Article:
Poverty is an overwhelming risk factor for poor mental health. Healthy communities often focus on the connection between physical health and place. Far fewer have connected place to mental, emotional and behavioral well-being. Local efforts from Oakland to Baltimore illustrate the community-wide health equity benefits of cross-sector partnerships – such as trauma-informed systems, reduction of community-level stresses and strategies to address the opioid epidemic.
Laura Choi, Research Manager, Federal Reserve Bank of San Francisco, San Francisco, CA
George Kleb, Executive Director, Housing & Community Development, Bon Secours Baltimore Health System, Baltimore, MD
Sheila Savannah, Managing Director, Prevention Institute, Houston, TX
Dr. Larissa Estes, Manager, Community Partnerships, UCSF Benioff Children’s Hospital Oakland, Dept Comm Health and Engagement, Oakland, CA
By Marsha Jean-Baptiste
Graphs that depict communities of poor health show that these are almost identical to the financially poorest communities, according to a session at the 2019 Just Economy Conference. Make no mistake, it is not that people of poor health migrate to these areas, but rather these areas are causing the individuals to experience poor health. As Sana Chehimi from the Prevention Institute said, “Trauma manifests at the community level. It is not just the aggregate of individuals in a neighborhood who have experienced trauma.”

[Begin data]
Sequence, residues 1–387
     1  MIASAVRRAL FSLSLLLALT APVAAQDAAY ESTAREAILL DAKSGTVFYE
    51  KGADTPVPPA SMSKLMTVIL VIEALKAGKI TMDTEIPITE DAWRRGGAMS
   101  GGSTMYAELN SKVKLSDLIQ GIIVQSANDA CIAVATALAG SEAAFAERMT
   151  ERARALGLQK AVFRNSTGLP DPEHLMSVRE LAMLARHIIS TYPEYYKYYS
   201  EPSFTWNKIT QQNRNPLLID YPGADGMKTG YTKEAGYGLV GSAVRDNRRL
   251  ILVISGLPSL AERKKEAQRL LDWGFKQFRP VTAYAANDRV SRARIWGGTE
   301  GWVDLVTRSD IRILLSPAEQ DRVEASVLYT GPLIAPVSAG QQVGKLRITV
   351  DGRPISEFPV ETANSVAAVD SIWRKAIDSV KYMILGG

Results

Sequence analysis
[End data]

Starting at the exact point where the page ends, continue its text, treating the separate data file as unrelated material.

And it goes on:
Trauma in a community is often neglected. It is defined as a deeply distressing or disturbing experience and in neighborhoods, it could be as simple as an abandoned building and graffiti under a bridge. Any effort to promote economic and community development without assessing and addressing the trauma in that community will inevitably fail. Dr. Larissa Estes provided data expressing that more than 53 percent of the children she serves at the UCSF Benioff Children’s Hospital have experienced four or more Adverse Childhood Experiences (ACEs), stressful or traumatic events. Her organization is partnering with companies such as Lyft to provide safe rides to receive health services.
George Kleb from the Bon Secours Baltimore Health System provided graphs showing that over 26 percent of the population treated in Baltimore City experienced three or more poor mental health days. This percentage is higher than the state of Maryland average of 23.2 percent. Ninety-five percent of patients who visited the emergency room had a primary or secondary diagnosis of mental health or substance use disorder. The data revealed that Bon Secours’ number one priority is treating trauma.
Bon Secours Baltimore Health System has expanded its work to the community they serve by providing family and senior housing facilities, working with community partners and other various economic development programs.
The Prevention Institute is working to assess community trauma through the Making Connections initiative, which offers boys and men a safe space to build healthy social relationships.
The ultimate goal for all communities is well-being. This is achieved by instilling a sense of belonging, control of destiny, dignity, hope, safety and trust in all community members. Healing trauma is a prerequisite to community well-being and organizations must begin there in order to move forward in any type of positive development for a community.